“Our goal is to take my family back to Matakana Island — that’s where we are from.”

EVERY Wednesday evening Craig Patty and his son Josh attend kura po (night classes) at EIT’s Te Whatukura school of Maori language and learning.

It has become part of their weekly routine and now that they are into their third semester of learning, there is no looking back.

Craig, who is of Ngai Te Rangi descent from the Tauranga Moana area, said he had always had a yearning to reconnect with his taha Maori (Maori side).

But when he and his family moved from Australia to Gisborne in 2015, he never expected that they would be on the path they are now.

“In some ways it found us,” said Craig.

“We had just come back from Australia and were looking at ways of engaging with the community. I just felt this calling to come home.

“I had always wanted to learn te reo, so we popped into EIT one day and the staff were very inviting. They have embraced us since day one. It has been quite amazing.

“During our first semester it was very emotional. Not only were we finding ourselves in the language, but we were identifying with the past and we had begun our journey of connecting with our Maori identity.”

The other side of it was that Josh, who was diagnosed with autism at the age of two, was participating in a class full of new people.

“He had never been to high school, so he was showing a lot of guts standing up in front of 20 people and speaking in a different language.

“The whole experience was new for Josh but now he has had visits to a marae.

“At two years old he was speaking. Then, not long after he received a standard vaccination, he lost his speech. A while after that he was diagnosed.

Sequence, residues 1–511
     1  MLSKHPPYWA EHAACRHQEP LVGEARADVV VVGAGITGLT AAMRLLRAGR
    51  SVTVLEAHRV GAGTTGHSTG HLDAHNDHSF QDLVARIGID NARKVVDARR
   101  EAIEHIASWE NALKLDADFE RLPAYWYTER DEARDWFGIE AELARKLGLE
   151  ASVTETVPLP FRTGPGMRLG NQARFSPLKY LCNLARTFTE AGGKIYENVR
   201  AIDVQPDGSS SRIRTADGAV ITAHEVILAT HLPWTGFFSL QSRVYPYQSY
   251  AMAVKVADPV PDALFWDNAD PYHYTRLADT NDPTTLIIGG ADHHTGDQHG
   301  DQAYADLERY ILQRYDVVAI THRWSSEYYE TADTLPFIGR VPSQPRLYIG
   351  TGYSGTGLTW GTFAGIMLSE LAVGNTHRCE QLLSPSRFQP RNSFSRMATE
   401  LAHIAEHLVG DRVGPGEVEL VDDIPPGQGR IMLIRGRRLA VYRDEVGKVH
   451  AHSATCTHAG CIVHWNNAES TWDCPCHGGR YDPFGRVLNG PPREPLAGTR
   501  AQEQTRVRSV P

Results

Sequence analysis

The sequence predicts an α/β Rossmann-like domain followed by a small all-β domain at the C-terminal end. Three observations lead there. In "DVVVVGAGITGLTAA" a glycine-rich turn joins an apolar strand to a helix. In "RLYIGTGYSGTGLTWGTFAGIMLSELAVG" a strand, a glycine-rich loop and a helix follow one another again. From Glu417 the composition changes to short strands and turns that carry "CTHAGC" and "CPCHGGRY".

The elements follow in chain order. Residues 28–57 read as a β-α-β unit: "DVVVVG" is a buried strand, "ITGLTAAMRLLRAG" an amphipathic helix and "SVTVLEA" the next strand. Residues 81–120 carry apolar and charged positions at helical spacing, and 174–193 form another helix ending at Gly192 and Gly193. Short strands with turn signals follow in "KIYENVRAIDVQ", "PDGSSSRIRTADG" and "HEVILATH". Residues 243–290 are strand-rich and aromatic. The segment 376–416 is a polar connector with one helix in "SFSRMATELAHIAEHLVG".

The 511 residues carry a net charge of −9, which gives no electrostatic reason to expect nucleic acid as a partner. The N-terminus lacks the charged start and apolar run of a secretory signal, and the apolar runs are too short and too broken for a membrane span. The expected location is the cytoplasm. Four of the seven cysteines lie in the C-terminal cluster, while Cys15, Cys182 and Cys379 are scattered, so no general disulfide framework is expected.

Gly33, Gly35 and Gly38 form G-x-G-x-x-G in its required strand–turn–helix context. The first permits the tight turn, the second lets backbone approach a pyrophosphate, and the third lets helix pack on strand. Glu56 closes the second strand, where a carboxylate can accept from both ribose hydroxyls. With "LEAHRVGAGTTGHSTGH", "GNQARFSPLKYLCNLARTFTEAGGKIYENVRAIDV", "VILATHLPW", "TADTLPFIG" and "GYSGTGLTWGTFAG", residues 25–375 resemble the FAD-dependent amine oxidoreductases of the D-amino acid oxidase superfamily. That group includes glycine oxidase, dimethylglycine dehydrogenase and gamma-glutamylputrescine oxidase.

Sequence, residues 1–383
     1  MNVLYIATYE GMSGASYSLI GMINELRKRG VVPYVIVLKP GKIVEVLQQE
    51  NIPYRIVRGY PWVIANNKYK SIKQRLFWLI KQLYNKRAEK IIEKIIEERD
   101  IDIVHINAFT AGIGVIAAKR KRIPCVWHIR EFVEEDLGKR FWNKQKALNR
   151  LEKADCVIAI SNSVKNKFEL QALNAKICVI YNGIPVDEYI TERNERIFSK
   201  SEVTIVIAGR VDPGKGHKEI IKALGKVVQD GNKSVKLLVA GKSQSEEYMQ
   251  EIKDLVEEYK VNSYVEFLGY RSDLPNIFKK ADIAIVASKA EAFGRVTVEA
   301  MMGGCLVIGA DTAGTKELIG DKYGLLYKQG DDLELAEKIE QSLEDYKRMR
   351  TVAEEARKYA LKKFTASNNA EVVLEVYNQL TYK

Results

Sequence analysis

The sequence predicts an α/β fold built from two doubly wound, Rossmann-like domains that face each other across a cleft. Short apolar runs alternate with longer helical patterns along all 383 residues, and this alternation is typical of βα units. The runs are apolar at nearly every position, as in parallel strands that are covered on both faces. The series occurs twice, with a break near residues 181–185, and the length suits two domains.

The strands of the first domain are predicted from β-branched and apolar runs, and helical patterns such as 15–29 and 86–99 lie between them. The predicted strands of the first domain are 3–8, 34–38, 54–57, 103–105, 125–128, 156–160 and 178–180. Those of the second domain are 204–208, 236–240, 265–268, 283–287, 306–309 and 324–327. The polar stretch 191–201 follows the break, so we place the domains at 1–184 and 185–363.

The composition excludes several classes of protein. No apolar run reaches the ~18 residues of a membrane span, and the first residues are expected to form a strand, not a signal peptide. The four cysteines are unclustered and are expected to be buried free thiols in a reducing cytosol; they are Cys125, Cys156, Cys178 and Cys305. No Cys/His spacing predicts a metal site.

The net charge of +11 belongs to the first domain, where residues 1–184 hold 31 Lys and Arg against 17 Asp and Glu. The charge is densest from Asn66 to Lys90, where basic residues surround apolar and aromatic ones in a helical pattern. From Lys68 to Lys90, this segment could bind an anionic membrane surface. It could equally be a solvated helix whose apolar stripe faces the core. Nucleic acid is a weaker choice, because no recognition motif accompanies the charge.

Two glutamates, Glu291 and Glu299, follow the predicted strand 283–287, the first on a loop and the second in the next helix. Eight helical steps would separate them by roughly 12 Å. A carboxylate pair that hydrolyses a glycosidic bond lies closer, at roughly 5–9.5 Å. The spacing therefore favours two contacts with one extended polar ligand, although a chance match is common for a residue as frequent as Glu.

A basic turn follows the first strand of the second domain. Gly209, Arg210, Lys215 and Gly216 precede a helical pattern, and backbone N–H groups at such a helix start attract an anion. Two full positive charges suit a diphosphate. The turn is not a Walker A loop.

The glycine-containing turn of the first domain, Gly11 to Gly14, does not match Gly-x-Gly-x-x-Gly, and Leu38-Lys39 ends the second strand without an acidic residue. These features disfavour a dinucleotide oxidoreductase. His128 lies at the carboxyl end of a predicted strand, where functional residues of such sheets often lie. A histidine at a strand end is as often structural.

“There have been many challenges but many amazing things have happened as well.

“Josh can now speak three languages — English, Japanese (my wife Noriko is from Japan) and now Maori.”

After they completed their first semester, they did not want to stop there and were encouraged to return for another semester of night classes.

“Josh loves learning te reo and it really ties him to the community.

“He greets everyone as they turn up for class and everyone is very supportive towards Josh in return. He also uses te reo outside class as well.

“We have such a diverse group in our class and everyone is very keen to learn and help one another.

“I was concerned when we first started, that because of Josh’s autism it might hold the class back.

“When I told the tutors that Josh had autism, they all said “it’s all good”, which I think really says something about Maori culture and how it is accepting of all people.

“We have seen continued improvement in Josh, especially his social skills, and believe that te reo Maori and the Whatukura whanau have played an important role. It is something Noriko and I are extremely grateful for.”

The classes have been a good foundation for Craig in helping him to connect with his roots.

“The more we learn about the language, the more we find out about our identity.

“Our goal is to take my family back to Matakana Island — that’s where we are from.”